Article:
In the middle of his wonderful book on this subject (“The Meaning of Prayer” is a genuine classic), Harry Emerson Fosdick takes up a similar consideration. (I suggest you not buy everything Fosdick peddled over his lengthy ministry; he was admittedly and proudly a theological liberal with all that implies, but he sure could teach most of us a great deal about real prayer. Being a conservative, I’m still wrestling with how to reconcile those two!)

“A critic with discriminating insight has objected to Voltaire’s writings on the ground that nothing could possibly be quite so clear as Voltaire makes it. A book on prayer readily runs into danger of the same criticism. For, like every other vital experience, prayer in practice meets obstacles that a theoretical discussion too easily glosses over and forgets.”

Fosdick goes on to add, “Even when prayer is defined as communion with God, and our thought of it is thereby freed from many embarrassments, as a kite escapes the trees and bushes when one flies it high, there remain practical difficulties which perplex many who sincerely try to pray.”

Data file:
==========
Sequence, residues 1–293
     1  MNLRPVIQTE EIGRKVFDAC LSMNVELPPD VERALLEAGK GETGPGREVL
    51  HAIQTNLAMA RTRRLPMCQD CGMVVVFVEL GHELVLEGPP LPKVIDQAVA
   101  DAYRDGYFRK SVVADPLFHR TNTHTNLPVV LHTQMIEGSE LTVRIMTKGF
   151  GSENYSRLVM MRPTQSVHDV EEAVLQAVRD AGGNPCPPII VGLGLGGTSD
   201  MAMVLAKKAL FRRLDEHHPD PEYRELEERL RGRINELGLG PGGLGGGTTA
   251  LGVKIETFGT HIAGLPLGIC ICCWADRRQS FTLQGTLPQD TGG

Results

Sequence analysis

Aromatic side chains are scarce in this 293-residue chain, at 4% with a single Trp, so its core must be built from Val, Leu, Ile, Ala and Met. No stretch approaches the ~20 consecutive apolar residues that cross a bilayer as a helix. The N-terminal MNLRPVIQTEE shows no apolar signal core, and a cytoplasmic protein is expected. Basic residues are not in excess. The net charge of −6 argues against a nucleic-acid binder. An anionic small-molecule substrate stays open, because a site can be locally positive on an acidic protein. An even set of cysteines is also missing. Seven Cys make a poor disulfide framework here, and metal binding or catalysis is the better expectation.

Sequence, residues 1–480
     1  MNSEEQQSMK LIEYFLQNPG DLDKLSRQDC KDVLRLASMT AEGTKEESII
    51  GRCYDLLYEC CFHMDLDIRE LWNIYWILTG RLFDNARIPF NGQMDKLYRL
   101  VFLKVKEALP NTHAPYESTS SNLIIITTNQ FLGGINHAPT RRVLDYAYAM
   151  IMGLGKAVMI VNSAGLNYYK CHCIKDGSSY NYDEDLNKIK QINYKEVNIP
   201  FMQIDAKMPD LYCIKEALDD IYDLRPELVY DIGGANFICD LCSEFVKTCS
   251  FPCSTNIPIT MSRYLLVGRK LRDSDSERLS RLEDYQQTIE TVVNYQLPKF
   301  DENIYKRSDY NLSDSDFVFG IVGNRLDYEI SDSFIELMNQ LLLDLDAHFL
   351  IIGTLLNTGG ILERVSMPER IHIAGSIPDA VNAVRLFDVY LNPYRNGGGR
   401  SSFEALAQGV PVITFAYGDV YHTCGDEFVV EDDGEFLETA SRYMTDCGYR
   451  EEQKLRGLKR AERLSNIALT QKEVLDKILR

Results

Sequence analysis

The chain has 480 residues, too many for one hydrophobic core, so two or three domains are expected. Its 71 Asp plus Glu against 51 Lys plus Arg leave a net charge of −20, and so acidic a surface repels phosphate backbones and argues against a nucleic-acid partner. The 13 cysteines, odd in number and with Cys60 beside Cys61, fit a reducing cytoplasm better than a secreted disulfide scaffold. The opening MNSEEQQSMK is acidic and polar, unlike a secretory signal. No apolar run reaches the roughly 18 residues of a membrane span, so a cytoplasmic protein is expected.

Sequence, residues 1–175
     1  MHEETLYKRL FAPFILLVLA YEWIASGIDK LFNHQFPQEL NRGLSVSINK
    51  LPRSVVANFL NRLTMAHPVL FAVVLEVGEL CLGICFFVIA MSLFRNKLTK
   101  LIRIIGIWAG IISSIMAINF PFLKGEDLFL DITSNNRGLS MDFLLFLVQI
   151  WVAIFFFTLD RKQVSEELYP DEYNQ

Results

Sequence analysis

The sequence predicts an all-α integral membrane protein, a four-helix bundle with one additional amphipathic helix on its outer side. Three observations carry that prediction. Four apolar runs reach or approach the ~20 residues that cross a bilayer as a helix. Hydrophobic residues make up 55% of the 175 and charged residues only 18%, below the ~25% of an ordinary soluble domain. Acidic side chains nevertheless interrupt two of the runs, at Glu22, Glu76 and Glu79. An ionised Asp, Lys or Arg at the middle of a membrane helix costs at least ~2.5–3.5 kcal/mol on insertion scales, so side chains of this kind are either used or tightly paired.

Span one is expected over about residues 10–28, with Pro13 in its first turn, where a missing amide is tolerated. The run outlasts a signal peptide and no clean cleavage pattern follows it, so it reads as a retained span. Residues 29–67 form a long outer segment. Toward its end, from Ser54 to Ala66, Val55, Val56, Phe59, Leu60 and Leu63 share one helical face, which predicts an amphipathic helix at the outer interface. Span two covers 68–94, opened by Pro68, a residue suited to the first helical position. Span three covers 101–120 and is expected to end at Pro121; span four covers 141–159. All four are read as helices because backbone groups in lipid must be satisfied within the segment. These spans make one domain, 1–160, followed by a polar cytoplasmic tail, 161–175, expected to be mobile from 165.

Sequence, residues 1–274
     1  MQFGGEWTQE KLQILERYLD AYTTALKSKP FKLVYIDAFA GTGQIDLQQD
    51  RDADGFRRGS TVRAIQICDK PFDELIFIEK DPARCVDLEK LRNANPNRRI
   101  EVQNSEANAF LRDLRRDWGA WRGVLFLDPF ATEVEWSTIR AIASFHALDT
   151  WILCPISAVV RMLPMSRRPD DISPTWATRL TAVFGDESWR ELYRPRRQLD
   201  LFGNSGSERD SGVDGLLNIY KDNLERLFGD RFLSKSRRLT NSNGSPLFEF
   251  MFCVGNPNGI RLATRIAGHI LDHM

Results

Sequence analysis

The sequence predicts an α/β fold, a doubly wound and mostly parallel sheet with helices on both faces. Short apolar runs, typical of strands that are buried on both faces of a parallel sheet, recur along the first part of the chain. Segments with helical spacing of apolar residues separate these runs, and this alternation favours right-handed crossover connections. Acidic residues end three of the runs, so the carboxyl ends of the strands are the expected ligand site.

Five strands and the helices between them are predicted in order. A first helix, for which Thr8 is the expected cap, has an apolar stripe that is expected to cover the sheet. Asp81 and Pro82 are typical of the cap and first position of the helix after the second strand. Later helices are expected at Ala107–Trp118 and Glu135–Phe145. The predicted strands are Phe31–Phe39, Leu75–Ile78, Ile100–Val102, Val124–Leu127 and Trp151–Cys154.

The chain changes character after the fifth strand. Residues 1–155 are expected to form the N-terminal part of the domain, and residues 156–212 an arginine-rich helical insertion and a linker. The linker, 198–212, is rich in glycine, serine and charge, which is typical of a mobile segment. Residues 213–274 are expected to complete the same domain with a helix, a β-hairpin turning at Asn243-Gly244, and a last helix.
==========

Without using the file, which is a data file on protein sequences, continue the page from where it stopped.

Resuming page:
So, I say to myself and to our longsuffering readers, that once we fill this “features” box with perhaps fifty articles on the subject of prayer, there will still be so much more to be said on this subject. No one has yet written and this one certainly shall not be the definitive last word on prayer.

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Prayer: What the Guy in the Pew Wishes the Pastor Knew

In the last couple of years, I have become a Pew-Spud. If people who occupy their time sprawled in front of the television are couch-potatoes, it figures that those who spend their Sundays soaking up sermons in church auditoriums are pew-spuds. And after over 40 years of pastoring, I have become one. It’s not all bad. In fact, I’m enjoying it, even though I still relish the opportunity to preach.

I keep reminding our pastors that when I drop in on their services, I come as a worshiper and not as a critic or advisor or their mentor. I come as a fellow believer. I consider myself a good audience for a preacher. I want him to do well, I pray for him and work at listening.